Who are the 30 new artists and makers in York Open Studios? Meet the next six here

A painting by Carol Douglas, to be found at 55 Albemarle Road, York

YORK Open Studios returns to its traditional spring slot for the next two weekends after last year’s temporary Covid-enforced detour to July.

More than 150 artists and makers will be showing and selling their work within their homes and workspaces, giving visitors an opportunity to view and buy “bespoke pieces to suit every budget”, from 10am to 5pm on April 2,3, 9 and 10, preceded by a 6pm to 9pm preview on April 1. 

As ever, the range of artists’ work encompasses painting and print, illustration, drawing and mixed media, ceramics, glass and sculpture, jewellery, textiles, photography and installation art. Check out the artists’ directory listings at yorkopenstudios.co.uk to find out who is participating and who will be opening up early for the preview.

CharlesHutchPress will highlight the 30 newcomers in a week-long preview, in map order, that continues today with Carol Douglas, Anthea Peters, Derek Gauld, Phil Bixby, Jacqueline Warrington and Richard Frost.

Carol Douglas at work in her studio

Carol Douglas, painting, 55 Albemarle Road, York

CAROL paints primarily in acrylic on canvas, adding oil pastel and fabric collage to some works. Her box canvasses are mostly unframed.

Carol completed her full-time foundation diploma in art and design in 2018, realising an ambition held since she was 16. Now, at 70, she has exhibited at Partisan café, in Micklegate, and According To McGee, in Tower Street, York, and Dean Clough Art Gallery, in Halifax, and is promoted by Broth Art, an on-line London gallery.

Jewellery designer Anthea Peters

Anthea Peters, jewellery, 6 Middlethorpe Drive, Dringhouses, York

ANTHEA creates wearable pieces of jewellery in silver and gold, complemented with copper accents, gemstones and enamel.

Her jewellery is inspired by the wild and unspoilt locations she frequents in her ‘day job’ as a chartered dam engineer in rugged, remote locations. Closer to home, she finds happiness in her garden and on moorland adventures with her family; exploring and studying flora and fauna for her jewellery designs. Consequently, silver toadstools adorn those designs, along with snails, flowers and ‘found’ objects.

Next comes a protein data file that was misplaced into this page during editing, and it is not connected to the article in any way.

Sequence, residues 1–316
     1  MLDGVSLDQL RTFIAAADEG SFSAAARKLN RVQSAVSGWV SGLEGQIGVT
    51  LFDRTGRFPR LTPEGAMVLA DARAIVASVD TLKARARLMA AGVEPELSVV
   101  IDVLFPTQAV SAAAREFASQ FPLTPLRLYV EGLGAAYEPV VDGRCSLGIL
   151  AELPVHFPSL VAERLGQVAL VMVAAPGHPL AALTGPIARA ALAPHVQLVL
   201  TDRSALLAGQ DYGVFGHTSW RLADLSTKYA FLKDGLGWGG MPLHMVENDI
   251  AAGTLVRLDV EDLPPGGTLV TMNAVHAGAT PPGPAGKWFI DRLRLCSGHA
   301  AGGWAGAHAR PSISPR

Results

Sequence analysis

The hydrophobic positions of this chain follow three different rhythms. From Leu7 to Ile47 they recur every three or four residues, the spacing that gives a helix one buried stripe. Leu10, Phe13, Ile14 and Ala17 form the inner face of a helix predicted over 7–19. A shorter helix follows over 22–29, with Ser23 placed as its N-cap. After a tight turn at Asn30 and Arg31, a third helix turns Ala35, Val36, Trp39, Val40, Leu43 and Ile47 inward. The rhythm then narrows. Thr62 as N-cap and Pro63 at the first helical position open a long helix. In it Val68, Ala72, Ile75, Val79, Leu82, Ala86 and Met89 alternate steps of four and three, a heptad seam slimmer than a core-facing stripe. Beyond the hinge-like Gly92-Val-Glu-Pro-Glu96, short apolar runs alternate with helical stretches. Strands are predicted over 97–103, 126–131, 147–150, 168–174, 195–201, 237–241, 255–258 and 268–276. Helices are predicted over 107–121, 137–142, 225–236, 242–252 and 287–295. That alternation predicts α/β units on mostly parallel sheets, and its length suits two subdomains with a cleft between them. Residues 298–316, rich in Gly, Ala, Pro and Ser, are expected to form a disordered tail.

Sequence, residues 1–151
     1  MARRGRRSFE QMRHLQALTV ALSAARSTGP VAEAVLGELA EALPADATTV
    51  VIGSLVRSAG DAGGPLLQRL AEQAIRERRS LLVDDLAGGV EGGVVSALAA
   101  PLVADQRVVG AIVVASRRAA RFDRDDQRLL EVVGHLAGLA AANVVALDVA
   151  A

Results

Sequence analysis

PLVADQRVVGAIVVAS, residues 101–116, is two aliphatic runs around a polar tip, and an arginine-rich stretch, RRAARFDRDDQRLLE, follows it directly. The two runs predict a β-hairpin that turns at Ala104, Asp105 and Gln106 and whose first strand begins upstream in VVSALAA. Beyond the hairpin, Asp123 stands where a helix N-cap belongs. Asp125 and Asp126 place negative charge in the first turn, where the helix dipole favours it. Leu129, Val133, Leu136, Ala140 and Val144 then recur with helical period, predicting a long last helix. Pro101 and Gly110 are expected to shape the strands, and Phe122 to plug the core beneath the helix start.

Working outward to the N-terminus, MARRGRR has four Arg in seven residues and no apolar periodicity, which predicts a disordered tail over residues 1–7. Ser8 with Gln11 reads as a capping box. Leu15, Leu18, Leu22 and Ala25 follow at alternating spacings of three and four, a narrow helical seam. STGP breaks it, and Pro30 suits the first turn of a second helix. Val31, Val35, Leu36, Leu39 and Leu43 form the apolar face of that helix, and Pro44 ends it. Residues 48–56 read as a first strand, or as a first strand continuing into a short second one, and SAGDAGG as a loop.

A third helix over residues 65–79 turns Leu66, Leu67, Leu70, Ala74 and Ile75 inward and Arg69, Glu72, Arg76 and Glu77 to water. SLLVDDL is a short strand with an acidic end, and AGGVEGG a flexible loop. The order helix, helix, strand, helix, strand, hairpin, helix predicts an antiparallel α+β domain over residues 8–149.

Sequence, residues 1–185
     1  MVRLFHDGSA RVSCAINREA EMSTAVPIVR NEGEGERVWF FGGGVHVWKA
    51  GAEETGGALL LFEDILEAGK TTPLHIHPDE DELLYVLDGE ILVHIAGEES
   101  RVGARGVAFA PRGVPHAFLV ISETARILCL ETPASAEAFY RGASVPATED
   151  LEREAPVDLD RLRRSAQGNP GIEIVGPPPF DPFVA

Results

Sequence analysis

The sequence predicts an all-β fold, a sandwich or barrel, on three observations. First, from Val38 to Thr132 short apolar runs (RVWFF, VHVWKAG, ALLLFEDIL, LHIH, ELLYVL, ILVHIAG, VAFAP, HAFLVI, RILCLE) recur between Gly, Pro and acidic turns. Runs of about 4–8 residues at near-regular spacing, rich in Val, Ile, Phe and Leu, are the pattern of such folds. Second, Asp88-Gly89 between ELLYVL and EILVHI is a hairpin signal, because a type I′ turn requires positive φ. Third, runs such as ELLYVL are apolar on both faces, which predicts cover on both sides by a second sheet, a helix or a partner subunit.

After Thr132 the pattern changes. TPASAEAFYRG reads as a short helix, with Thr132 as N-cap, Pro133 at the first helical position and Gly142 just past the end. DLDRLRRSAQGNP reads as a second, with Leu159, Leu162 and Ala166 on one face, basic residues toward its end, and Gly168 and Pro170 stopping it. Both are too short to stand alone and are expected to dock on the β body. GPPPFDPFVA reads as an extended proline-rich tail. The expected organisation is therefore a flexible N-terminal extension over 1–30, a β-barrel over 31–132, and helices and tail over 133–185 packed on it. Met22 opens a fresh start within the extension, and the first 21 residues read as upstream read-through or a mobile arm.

“I’ve been making jewellery with precious metals for nearly 20 years and have made special commissions for friends and family over the years, including wedding rings; Christening bracelets; baby teething rings and for special birthdays,” says Anthea. “All my work is very personal and crafted with love, with the design developed specifically for that individual.”

Landscape printmaker Derek Gauld

Derek Gauld, landscape printmaking, 8 Middlethorpe Drive, York

DEREK creates printmaking works, both large and small, from mostly landscape sketching and painting outdoors in Yorkshire, the Lake District and Cornwall.

His distinctive style is developed from sketches, working on marks and tones through etching and printmaking techniques such as sugarlift, soft ground, aquatint and relief in the studio.

“I like the loose feel of sugarlift to begin prints,” he says. “I generally use soft ground etching for initial mark making and then build up tones from light grey to black through a process of aquatinting, which involves stopping out areas of the image and dropping into safe acid, leaving longer to create darker tones.

“I like the loose feel of sugarlift to begin prints,” says Derek Gauld

“I will pull a black-and-white print after three, four or five tone checks and sometimes add accented colour to the print plate to give another impression. Colour will be added individually to each print, and prints are limited to 25.”

Derek studied printmaking at evening class for three years and has exhibited at Pyramid Gallery and Blossom Street Gallery, in York, and Scarborough Art Gallery. He is a member of York Printmakers – whose membership now runs to 40 – and West Yorkshire Print Workshop.